Thanks
John
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scott123

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Re: Earthstone 110 or FGM?
« Reply #47 on: September 30, 2012, 06:42:37 AM »
John, I don't have to use an FGM or a CF to be able to understand the thermodynamics involved.  I've taken one of Jeff's diagrams and modified it to show what happens when the door is too high.
« Last Edit: September 30, 2012, 07:20:58 AM by scott123 »

scott123

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Re: Earthstone 110 or FGM?
« Reply #48 on: September 30, 2012, 07:06:44 AM »
As you can see, when the door is too high, less of the superheated air is trapped in the dome. With less trapped superheated air, you get less heat transfer to the dome.  The lower the door, the longer you can keep the heat in the oven, the hotter the dome gets. We're not talking about a huge amount of time- the hot air might stay in the oven just a fraction of a second longer, but it's enough time for the exhaust gases on oven #1 (higher door) to be hotter than the the exhaust gases on oven #2.  Hotter exhaust gases translates into more heat loss on the high door. For the properly sized door you're talking about a faster pre-heat and a hotter dome overall.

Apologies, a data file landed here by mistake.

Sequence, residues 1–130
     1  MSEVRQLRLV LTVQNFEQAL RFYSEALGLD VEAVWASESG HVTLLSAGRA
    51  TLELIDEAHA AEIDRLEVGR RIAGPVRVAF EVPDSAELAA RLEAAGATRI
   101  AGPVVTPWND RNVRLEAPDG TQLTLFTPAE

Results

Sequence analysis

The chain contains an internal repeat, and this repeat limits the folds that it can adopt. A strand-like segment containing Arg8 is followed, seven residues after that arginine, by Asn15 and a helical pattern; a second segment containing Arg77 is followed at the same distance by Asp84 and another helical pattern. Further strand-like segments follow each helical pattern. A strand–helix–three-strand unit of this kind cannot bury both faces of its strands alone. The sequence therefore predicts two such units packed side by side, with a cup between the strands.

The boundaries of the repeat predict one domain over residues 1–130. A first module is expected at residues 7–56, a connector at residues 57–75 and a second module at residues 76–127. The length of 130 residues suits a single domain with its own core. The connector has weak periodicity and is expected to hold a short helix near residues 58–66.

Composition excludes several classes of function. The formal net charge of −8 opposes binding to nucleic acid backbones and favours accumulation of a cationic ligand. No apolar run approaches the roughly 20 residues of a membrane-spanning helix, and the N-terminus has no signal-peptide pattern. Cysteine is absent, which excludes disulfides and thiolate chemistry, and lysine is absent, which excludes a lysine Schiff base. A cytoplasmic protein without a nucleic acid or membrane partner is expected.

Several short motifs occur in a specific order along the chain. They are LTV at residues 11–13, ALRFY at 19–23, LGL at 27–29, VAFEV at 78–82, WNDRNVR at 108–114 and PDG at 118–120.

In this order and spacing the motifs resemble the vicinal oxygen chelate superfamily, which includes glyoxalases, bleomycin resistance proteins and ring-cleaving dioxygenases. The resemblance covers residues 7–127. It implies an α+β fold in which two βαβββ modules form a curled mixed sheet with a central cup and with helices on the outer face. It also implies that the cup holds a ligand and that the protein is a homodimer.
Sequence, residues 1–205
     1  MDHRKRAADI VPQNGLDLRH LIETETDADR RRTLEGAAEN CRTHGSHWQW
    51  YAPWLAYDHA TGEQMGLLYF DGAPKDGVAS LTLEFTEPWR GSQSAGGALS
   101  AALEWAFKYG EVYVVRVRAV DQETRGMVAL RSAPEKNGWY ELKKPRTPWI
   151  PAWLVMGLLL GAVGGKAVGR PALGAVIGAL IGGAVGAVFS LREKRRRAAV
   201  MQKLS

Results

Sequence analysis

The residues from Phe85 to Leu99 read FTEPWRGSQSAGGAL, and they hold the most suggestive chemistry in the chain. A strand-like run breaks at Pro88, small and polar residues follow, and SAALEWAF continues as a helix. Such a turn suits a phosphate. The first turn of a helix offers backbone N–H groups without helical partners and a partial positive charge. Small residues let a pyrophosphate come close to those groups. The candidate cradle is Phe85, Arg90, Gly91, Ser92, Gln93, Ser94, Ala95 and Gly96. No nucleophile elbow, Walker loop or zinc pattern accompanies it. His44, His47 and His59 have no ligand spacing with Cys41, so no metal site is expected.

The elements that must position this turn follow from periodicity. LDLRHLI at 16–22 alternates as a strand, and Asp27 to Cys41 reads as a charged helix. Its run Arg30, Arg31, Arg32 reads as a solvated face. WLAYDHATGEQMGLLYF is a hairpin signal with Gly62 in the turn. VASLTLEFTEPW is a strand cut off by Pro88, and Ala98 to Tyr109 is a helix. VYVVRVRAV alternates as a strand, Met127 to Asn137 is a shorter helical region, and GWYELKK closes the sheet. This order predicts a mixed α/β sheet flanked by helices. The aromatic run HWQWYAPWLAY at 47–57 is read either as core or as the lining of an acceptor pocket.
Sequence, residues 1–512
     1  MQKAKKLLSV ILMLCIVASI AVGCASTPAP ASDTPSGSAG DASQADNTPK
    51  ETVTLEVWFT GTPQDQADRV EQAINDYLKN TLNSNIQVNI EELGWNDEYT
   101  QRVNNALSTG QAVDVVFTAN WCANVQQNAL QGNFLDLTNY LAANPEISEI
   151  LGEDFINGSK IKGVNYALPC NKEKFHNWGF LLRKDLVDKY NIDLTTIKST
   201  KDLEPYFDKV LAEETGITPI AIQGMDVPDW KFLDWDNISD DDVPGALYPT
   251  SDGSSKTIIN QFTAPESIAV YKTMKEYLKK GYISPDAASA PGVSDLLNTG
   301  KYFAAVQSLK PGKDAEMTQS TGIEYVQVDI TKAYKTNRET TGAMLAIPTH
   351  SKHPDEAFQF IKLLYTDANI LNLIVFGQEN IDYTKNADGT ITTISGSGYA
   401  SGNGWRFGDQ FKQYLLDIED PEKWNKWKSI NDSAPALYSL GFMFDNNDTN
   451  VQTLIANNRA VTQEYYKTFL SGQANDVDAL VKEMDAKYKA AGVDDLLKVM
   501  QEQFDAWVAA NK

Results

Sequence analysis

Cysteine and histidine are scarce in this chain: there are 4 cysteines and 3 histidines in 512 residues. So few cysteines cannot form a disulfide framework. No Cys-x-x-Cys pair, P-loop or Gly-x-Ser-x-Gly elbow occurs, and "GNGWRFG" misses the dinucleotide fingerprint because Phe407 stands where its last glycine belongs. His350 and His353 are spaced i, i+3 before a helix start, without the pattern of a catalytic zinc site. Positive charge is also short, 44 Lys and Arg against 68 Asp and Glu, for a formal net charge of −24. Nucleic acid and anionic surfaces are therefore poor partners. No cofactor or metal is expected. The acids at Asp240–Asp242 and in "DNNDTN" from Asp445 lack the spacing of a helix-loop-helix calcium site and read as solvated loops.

Craig, since the door serves both the duties of exhaust and fresh air intake, you do have to be careful about how small you make the opening, but that's where the 63% ratio comes into play.  The Italians have been testing this for centuries and that's what they arrived at.  Like Jeff, I'm not in love with that exact figure, but I am head over heels for that realm- maybe 55%-70%, depending on the size of the oven, shape of the door and other factors.  Above 70%, though, and you're flushing wood down the drain.

Now, a high door, like a high ceiling, can definitely be worked around.  If you throw enough wood at it, it will get plenty hot.  But if a simple insert can make this oven more efficient (and I'll bet any amount of money it will), then I strongly feel that it's worth adding.
« Last Edit: September 30, 2012, 07:26:09 AM by scott123 »

Offline Reep

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Re: Earthstone 110 or FGM?
« Reply #49 on: September 30, 2012, 09:46:46 AM »
The challenge with using those diagrams is that they don't really accurately reflect the thermodynamics.  The air is obviously a continuum of temperatures, not quantum levels, and also the oven should be full of convection currents stirring the air, not to mention what happens when you move wood around or put a pizza in and out.

I don't disagree that a lower door might be important, but you would have to look at a lot more variables to scientifically come to that conclusion.  Maybe I will publish a paper in Pizza Science Magazine if I can get the Reep door to work.